exp names Kishel president, CEO
exp has named Jeff Kishel president and CEO by the board of directors. He was previously COO of exp.
The board of directors of exp has announced that Jeff Kishel has been appointed president and CEO.
With more than 30 years of consulting engineering experience, Kishel joined exp as COO in fall 2011. As part of a planned leadership succession strategy, Kishel replaces Vladimir (Vlad) Stritesky, who is retiring after 37 years at exp, including 16 years as president and CEO.
“Jeff’s vast industry experience growing large-scale firms will serve exp well as we further enhance our market position around the globe,” said Bob Sheh, exp Chairman of the Board. “His understanding of the operational and technical nuances of the industry offers a unique perspective that will guide the firm in its successful evolution.”
“Building on the strong foundation of my predecessor, I’m excited by the prospect of leading this talented group of professionals to provide a high level of expertise and service to our clients,” said Kishel. Together we’ll create sustainable growth and shareholder value, while operating safely and with sound business practices.”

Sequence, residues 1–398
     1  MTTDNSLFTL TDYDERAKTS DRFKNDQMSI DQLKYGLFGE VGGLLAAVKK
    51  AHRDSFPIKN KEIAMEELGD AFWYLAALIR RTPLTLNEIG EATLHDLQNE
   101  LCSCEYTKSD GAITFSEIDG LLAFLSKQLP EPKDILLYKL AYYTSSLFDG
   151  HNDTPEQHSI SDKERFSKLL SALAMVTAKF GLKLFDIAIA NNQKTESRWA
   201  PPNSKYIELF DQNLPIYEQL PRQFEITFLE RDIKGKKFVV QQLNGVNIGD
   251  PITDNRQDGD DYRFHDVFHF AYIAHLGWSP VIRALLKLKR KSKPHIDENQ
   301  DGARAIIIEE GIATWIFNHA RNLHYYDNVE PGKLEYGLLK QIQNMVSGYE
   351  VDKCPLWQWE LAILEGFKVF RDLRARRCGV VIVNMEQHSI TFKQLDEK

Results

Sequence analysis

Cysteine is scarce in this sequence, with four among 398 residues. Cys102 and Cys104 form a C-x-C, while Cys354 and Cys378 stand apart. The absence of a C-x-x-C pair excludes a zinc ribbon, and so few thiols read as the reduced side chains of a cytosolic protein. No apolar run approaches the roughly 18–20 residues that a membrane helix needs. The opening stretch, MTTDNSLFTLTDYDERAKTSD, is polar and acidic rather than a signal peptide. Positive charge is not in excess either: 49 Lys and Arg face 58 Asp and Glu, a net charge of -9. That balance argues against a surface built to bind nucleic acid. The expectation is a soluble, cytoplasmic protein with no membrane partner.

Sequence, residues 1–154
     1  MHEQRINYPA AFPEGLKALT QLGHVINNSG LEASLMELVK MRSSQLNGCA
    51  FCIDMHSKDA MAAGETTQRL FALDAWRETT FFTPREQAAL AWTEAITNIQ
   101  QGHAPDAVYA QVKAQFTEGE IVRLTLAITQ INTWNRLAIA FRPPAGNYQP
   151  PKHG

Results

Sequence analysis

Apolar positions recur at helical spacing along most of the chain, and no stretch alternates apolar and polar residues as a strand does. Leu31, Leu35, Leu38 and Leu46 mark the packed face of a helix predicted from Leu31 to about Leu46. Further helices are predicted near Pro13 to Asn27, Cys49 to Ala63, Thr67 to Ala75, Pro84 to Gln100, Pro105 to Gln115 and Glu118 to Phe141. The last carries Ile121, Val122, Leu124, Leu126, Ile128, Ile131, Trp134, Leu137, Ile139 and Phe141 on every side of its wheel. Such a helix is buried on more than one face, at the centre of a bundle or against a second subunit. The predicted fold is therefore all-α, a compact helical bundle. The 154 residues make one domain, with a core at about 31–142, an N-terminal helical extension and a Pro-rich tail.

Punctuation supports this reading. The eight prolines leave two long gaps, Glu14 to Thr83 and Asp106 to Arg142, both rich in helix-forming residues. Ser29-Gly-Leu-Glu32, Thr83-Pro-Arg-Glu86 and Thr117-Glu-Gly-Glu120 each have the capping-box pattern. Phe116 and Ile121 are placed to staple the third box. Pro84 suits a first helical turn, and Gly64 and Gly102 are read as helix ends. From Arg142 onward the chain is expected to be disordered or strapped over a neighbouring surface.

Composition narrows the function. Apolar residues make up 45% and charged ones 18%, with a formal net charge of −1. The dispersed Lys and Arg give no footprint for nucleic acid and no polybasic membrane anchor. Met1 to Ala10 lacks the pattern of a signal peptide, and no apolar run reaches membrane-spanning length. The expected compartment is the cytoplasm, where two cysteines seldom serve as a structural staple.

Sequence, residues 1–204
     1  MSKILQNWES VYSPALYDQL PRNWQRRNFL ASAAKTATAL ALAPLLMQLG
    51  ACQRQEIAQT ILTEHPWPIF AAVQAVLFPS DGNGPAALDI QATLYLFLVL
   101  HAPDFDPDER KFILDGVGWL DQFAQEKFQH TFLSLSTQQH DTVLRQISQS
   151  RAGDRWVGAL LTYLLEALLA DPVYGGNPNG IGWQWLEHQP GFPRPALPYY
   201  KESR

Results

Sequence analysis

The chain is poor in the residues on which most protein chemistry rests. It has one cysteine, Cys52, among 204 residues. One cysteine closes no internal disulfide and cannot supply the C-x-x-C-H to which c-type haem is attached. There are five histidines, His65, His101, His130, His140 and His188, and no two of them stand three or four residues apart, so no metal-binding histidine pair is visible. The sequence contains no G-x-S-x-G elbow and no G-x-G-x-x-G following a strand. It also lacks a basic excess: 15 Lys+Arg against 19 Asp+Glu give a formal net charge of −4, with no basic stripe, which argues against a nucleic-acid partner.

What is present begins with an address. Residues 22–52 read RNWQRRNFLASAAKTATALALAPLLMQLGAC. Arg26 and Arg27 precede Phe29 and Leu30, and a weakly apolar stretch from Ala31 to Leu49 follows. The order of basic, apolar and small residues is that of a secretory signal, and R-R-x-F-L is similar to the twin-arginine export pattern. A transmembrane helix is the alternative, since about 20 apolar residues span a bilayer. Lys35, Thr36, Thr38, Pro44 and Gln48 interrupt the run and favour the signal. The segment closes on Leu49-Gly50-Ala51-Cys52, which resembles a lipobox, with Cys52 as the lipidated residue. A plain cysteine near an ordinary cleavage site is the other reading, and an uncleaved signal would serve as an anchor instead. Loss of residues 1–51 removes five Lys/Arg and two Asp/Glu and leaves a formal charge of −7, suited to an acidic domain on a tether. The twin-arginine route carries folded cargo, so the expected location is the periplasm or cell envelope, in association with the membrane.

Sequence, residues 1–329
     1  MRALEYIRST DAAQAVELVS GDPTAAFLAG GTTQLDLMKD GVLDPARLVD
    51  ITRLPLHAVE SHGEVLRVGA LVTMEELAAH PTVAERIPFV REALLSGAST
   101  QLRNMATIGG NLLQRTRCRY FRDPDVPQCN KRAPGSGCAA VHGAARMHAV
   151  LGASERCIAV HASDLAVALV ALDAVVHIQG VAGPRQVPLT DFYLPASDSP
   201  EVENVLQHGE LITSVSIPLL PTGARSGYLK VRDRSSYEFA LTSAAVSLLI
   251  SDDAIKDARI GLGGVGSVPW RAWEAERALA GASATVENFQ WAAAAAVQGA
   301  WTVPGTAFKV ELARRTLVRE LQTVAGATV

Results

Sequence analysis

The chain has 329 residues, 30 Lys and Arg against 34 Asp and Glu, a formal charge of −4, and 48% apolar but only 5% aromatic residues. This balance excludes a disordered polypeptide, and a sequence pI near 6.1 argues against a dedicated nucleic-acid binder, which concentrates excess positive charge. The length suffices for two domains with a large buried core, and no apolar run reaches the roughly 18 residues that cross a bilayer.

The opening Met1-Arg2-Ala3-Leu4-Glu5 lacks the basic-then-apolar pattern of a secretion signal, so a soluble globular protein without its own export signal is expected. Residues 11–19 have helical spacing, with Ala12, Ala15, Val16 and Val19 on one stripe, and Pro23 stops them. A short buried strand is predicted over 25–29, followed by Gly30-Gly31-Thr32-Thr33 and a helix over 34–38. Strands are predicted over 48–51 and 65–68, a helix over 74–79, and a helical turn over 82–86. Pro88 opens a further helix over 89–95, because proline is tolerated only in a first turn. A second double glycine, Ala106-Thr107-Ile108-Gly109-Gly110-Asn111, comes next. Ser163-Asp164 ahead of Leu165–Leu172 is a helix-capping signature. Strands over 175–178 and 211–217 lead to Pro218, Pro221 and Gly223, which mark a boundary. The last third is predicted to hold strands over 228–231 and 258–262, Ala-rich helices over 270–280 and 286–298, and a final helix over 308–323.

Stritesky will serve as a special advisor to Sheh, using his institutional knowledge to provide transitional counsel.
“Vlad’s entrepreneurial spirit has led the organization from a small, local geotechnical firm to a world-class consulting engineering company,” said Sheh. “His leadership, ingenuity, and commitment have been truly invaluable.”
Annual Salary Survey
After almost a decade of uncertainty, the confidence of plant floor managers is soaring. Even with a number of challenges and while implementing new technologies, there is a renewed sense of optimism among plant managers about their business and their future.
The respondents to the 2014 Plant Engineering Salary Survey come from throughout the U.S. and serve a variety of industries, but they are uniform in their optimism about manufacturing. This year’s survey found 79% consider manufacturing a secure career. That’s up from 75% in 2013 and significantly higher than the 63% figure when Plant Engineering first started asking that question a decade ago.